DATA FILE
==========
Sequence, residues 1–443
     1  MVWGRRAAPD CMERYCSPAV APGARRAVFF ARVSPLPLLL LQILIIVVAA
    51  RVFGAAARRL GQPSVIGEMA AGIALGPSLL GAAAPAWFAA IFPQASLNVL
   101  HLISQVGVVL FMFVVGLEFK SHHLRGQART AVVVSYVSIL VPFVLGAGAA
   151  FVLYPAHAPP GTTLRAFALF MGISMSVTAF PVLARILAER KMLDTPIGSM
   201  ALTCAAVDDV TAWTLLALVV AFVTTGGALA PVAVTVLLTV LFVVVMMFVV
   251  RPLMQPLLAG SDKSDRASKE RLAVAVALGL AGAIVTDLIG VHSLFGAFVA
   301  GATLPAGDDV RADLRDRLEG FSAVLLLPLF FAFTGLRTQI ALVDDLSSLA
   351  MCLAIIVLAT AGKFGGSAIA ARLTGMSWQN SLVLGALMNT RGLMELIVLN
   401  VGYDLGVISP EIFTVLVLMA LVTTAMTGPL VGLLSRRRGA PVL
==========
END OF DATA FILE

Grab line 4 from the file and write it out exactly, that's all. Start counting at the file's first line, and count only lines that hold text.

   101  HLISQVGVVL FMFVVGLEFK SHHLRGQART AVVVSYVSIL VPFVLGAGAA